ATHENS – “Puppet players are like a human orchestra,” says Mairivi Georgiadou, owner of Mairivi Workshop in central Athens, speaking at Athens-Macedonian news Agency.
“They don’t only make the puppets come alive but also make the dolls themselves, turn the music and the lights on and off,” she continues.
Georgiadou is the owner of Mairivi workshop in Metaxourgeio, where, ever since a month the Athenian public may admire the first permanent exhibition of puppets in Greece.
On display are dolls from Africa, China, Indonesia, Myanmar, Switzerland, Italy, Bulgaria and the Czech Republic, while visitors have the opportunity to hear stories from the shows in which the dolls appeared using a headset. There are also shadow puppets from Malaysian, Indonesian as well as Greek shadow theatre.
The history of puppet theatre is many centuries old, Georgiadou says. In Greece, there are two major figures: Karagkiozis, who arrived to Greece via Turkey; and Fassoulis, a universal character encountered by many names around the world (Kasper, Pulcinella, Punch, etc.).
Until the 1950s puppet theatre was mainly addressed to adults. In other countries this is often still the case, Georgiadou explains, but in Greece people are used to associating puppetry with children. One of the aims of the exhibition is precisely to change this perception, she continues, by approaching the art form in a way that can interest every age.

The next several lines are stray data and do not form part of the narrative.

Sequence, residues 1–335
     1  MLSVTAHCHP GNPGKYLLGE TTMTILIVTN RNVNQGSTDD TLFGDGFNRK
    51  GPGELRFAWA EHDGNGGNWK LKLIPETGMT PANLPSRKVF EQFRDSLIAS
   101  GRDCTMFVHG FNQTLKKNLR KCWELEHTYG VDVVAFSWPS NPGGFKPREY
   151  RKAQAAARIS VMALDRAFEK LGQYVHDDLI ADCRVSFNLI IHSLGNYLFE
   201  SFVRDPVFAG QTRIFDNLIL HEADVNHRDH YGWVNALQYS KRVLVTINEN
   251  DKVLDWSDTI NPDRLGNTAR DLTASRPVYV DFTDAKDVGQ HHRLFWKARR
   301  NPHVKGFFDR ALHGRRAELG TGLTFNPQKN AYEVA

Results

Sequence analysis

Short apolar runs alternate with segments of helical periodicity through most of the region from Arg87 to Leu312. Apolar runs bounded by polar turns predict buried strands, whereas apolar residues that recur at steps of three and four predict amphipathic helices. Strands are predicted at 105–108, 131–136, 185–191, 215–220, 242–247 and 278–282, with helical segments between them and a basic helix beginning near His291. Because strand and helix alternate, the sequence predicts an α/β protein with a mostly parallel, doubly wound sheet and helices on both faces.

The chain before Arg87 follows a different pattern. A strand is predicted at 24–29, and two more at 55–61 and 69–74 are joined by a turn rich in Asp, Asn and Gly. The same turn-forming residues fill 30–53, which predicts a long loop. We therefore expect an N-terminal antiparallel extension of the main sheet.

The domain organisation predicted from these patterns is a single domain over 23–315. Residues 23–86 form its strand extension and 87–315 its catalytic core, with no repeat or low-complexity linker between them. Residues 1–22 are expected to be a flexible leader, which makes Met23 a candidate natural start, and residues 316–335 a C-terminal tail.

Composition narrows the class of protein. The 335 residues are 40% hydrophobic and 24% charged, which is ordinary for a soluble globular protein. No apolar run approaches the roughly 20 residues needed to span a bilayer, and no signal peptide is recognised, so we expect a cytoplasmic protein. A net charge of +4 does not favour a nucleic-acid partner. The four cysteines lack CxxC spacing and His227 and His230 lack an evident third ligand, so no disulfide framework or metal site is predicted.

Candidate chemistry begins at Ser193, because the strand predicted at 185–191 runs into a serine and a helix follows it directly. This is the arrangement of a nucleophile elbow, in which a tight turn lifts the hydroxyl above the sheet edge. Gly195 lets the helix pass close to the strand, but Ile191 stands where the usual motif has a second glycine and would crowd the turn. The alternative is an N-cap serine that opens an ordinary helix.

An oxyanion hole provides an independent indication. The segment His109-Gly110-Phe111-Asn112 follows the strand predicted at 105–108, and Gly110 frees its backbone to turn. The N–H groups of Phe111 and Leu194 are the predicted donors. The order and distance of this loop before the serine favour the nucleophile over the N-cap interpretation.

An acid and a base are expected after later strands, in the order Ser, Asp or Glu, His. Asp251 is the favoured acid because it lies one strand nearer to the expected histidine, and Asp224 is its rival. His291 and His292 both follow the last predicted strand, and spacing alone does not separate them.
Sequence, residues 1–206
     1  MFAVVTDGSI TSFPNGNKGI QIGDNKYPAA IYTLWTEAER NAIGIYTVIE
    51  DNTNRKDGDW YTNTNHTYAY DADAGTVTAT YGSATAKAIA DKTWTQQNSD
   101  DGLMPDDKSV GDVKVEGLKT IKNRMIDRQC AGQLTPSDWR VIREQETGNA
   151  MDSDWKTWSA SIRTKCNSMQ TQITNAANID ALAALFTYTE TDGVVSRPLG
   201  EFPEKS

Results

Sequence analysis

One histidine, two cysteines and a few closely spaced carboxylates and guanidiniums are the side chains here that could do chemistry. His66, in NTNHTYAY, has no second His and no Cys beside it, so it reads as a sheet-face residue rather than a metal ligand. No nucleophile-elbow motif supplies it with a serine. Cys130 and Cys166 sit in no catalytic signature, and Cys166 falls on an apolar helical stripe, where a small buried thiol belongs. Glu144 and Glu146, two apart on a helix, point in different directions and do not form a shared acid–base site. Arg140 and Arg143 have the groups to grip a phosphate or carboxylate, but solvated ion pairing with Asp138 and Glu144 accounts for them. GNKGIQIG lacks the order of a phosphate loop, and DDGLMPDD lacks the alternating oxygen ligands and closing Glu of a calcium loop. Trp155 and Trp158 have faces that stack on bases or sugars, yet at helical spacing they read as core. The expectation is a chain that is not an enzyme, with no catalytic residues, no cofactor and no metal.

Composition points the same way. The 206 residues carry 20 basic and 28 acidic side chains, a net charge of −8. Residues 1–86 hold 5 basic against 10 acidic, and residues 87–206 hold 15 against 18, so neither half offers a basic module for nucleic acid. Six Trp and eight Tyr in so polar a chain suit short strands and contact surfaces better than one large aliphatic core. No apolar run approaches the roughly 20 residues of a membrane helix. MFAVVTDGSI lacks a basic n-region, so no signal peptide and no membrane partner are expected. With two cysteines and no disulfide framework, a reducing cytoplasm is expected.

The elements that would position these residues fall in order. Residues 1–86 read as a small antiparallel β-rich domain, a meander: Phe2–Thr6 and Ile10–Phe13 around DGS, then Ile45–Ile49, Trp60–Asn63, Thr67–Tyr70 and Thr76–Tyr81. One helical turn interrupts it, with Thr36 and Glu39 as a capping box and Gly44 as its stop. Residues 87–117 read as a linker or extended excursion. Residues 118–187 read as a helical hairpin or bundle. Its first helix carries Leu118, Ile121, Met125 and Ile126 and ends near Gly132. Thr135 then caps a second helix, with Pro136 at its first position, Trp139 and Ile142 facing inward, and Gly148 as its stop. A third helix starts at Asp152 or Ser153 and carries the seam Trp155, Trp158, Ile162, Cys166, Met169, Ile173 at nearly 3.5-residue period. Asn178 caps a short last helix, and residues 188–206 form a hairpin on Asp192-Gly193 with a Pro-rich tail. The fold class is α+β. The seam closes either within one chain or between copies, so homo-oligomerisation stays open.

Georgiadou has been working in the Metaxourgeio space for over 20 years. For this exhibition, she worked together with a group of students from the Department of Communication, Media and Culture from Panteion University.
In the same building there are also two stages, one of which is considered the best for puppet theatre in Greece on account of its dimensions. Currently, Mairivi workshop is hosting the 6th International Festival of Puppetry and Narration, where puppet players and storytellers from around the world organize workshops and put on shows for children and adults.